Marshall Ganz in Why David Sometimes Wins,  does a better job of describing the internal dynamics of UFW organizing- after all he was there.  He describes  some of the racial fault lines of  farm worker organizing.  Ganz was  director of organizing  for the UFW in Salinas and a long time member of the UFW executive board.
Chavez knew well some of  the failings of unions  in the 1960’s, including  the problems of a growing internal bureaucracy, but the UFW in the 1980’s  was not able to create a viable  democratic union.    Ganz  argues that Chavez deconstructed the organizational strength of the UFW in the 1979 -1981 period in an effort to keep personal control of the union.  (p. 247 )
The critics  who blame two individuals for the union’s decline  also miss the important rise of Latino politics in the Southwest.   The UFW and Chavez played an important role in organizing and training of generations of  future leaders as described  in Randy Shaw’s, Beyond the Fields: Cesar Chavez, the UFW, and the Struggle for Justice in the 21st. Century.   The UFW was a  place  where hundreds of current union leaders and politicians learned organizing skills, politics, discipline, and how to work in  union and movement politics. 
The Current Situation- Strategic Racism
The movement led by Cesar Chavez  and Dolores Huerta  and others  created a union that  reduced the oppression of farm workers -for a time.   Workers  learned to not accept poor jobs, poor pay,  unsafe working conditions as natural or inevitable.  Then the corporations and the Right Wing forces adapted their strategies of oppression and regained control in the fields.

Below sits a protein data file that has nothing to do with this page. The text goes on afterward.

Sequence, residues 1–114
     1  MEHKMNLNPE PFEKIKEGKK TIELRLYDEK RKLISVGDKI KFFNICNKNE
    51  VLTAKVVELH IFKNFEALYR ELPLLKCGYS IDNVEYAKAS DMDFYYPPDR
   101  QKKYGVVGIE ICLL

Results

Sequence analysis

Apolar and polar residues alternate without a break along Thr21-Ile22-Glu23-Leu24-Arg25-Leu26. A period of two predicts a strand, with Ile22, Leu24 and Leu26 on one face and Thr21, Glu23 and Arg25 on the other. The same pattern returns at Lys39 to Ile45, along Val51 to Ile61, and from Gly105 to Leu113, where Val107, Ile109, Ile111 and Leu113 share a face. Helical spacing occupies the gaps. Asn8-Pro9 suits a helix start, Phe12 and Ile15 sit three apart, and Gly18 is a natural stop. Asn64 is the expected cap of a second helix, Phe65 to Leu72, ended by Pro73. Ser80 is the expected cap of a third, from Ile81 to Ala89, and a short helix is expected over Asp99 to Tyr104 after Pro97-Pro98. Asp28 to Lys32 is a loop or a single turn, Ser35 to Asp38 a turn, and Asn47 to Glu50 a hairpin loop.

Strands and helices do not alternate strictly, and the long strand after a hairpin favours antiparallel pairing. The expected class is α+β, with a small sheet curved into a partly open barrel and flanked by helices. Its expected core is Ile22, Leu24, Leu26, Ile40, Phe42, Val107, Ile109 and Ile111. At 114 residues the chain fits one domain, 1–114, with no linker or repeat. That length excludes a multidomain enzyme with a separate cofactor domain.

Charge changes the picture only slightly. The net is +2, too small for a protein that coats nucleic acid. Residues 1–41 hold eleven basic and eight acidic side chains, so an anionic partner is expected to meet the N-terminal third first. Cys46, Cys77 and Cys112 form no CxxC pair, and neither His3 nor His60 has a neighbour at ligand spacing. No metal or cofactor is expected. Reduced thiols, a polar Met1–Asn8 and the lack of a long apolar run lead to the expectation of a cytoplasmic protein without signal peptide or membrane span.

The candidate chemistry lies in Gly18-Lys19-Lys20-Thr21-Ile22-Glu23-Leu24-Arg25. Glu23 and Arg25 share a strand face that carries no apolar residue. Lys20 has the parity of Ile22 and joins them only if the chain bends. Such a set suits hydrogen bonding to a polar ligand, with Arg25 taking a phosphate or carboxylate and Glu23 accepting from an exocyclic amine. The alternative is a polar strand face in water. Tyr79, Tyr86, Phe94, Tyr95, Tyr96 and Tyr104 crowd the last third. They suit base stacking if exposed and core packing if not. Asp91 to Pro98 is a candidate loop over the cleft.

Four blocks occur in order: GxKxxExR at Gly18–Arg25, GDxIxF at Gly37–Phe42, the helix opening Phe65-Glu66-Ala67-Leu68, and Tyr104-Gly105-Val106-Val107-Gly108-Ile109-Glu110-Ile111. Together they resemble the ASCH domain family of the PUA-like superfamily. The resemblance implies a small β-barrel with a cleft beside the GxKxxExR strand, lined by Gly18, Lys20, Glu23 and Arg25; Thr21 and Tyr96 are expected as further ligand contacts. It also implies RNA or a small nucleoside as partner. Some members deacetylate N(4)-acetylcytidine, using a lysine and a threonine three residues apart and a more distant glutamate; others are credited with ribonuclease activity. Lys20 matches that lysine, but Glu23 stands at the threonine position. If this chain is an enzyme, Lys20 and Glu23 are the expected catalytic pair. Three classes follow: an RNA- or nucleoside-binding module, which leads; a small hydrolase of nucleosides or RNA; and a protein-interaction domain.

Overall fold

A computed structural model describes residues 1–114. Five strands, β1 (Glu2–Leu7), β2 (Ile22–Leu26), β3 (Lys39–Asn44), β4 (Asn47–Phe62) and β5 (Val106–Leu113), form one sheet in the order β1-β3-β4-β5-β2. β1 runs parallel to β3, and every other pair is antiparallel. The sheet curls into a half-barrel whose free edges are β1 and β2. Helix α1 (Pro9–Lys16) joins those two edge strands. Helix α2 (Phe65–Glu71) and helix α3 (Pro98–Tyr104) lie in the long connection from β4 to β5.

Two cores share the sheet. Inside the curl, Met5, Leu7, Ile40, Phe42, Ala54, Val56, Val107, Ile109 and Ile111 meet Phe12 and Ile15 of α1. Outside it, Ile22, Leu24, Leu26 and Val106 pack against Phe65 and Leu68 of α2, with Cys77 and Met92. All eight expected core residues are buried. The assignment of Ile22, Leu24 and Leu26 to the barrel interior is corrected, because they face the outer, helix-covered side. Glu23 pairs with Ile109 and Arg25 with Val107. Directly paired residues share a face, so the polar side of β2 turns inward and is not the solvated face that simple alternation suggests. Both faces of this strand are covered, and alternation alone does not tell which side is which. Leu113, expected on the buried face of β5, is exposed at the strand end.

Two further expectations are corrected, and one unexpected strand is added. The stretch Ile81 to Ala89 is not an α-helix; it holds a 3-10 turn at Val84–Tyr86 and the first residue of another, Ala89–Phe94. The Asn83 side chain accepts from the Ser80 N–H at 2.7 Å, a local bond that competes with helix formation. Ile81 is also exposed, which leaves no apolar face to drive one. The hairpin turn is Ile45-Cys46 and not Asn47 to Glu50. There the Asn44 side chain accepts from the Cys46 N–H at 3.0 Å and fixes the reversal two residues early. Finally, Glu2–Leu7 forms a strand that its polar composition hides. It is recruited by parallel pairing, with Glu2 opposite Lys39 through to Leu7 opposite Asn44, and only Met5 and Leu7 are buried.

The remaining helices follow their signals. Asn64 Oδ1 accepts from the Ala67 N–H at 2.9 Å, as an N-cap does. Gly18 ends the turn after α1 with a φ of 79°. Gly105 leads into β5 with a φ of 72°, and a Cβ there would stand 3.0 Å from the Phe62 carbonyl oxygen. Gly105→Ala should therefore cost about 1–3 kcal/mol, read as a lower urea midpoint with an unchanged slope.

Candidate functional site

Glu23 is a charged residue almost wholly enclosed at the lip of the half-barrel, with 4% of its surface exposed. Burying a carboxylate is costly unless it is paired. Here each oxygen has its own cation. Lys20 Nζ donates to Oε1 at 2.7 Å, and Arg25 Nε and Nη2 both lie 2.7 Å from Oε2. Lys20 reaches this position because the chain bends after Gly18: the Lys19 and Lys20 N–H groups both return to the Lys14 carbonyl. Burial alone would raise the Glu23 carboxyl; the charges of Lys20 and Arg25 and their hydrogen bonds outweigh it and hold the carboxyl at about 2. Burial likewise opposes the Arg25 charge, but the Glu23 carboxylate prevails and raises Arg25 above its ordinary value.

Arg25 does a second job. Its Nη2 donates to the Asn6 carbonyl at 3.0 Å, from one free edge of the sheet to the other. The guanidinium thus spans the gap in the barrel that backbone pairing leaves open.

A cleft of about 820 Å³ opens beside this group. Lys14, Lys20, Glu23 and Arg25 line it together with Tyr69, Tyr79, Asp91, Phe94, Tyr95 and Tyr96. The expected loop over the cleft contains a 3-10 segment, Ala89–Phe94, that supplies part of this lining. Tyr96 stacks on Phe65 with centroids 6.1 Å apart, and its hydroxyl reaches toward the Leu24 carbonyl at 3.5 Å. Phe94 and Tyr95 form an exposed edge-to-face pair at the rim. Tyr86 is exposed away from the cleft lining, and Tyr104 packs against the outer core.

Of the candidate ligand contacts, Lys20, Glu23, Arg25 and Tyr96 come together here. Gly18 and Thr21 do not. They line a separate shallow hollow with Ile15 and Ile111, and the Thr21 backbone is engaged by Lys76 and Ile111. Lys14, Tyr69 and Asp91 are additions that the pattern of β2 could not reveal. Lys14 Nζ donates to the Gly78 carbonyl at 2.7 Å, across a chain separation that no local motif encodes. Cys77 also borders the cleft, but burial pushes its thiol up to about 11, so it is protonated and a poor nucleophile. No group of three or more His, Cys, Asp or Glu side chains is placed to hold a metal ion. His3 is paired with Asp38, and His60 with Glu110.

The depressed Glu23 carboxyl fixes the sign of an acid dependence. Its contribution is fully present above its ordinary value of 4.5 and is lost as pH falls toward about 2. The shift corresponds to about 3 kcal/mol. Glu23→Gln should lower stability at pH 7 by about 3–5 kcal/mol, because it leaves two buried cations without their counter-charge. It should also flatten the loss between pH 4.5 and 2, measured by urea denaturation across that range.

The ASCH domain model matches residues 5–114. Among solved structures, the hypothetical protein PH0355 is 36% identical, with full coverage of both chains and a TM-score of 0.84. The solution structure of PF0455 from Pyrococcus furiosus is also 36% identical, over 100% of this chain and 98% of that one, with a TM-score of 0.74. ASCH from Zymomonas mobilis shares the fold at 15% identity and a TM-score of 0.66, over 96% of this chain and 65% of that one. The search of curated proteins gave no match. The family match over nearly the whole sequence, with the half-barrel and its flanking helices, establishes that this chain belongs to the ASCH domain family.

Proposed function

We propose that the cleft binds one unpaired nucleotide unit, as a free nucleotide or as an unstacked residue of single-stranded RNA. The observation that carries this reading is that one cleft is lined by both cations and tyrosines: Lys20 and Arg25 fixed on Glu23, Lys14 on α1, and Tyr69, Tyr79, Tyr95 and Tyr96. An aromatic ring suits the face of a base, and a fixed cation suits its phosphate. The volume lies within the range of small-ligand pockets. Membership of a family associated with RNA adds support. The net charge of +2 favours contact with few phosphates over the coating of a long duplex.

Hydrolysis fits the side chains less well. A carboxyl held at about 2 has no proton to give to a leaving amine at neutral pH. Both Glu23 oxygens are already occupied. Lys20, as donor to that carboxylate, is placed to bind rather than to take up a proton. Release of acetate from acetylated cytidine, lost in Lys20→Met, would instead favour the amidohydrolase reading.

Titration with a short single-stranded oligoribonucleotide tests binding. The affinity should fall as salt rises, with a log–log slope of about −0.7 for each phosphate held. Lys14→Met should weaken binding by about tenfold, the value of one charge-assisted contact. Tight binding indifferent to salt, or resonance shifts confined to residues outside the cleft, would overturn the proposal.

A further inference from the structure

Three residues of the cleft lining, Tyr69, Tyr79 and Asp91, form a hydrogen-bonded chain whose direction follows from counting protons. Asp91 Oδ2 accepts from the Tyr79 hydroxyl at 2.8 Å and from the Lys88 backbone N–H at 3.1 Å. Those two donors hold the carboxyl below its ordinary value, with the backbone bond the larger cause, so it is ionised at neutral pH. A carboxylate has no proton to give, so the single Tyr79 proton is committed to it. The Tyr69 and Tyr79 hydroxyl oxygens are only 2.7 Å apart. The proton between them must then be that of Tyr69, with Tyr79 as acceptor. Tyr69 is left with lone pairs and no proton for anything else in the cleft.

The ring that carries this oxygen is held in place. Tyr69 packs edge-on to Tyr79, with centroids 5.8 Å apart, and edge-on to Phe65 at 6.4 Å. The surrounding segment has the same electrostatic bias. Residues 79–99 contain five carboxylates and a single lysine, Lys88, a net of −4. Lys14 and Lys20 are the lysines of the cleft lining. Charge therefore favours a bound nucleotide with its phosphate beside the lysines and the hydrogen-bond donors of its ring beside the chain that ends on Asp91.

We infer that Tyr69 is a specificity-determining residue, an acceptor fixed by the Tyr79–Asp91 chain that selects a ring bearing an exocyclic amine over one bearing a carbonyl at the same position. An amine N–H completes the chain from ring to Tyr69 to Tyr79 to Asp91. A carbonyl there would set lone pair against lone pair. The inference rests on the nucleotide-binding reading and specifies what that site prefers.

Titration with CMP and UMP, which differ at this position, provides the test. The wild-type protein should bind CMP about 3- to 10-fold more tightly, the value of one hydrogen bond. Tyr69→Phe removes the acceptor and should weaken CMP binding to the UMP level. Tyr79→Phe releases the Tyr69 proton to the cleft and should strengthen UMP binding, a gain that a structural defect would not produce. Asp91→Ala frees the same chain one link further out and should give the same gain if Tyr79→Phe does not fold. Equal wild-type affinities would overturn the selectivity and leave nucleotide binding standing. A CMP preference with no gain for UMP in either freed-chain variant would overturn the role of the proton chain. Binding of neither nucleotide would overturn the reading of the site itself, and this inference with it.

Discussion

The current reconquest of power in the fields is an example  of strategic racism, that is a system of racial oppression created and enforced because it benefits the over class- in this case corporate agriculture and farm owners.  Strategic racism as described by Ian Haney López is the development and implementation of practices because they benefit a group or a class.  The current renewed oppression is a product  of strategic racism including  a complex structure of institutions and individuals from police and sheriffs, to immigration authorities and anti immigrant activists, and elected officials and their support networks.  These groups foster and promote inter racial conflict  and job competition as a strategy to keep wages and benefits low, to prevent unions, and  to promote their continuing white supremacy in rural California.

As the union was  weakened by the Right Wing corporate assault, the conditions in the fields returned almost to their prior level of exploitation.  Workers  do  continue to have a few health, safety and wage protections of  California labor laws along with the right to  farm worker collective bargaining elections and binding arbitration  established significantly by the political activity of the current UFW – more than farm workers have in any other state.
            I recommend the movie and  well informed consideration of these complex events.
Duane Campbell,
Cesar Chavez and Duane Campbell, Sacramento. 1972.

Duane Campbell is a professor emeritus of bilingual multicultural education at California State University Sacramento, a union activist, and chair of Sacramento DSA. (Democratic Socialists of America).  He was a volunteer for the UFW from 1972- 1977. He is the Director of the Mexican American Digital History project.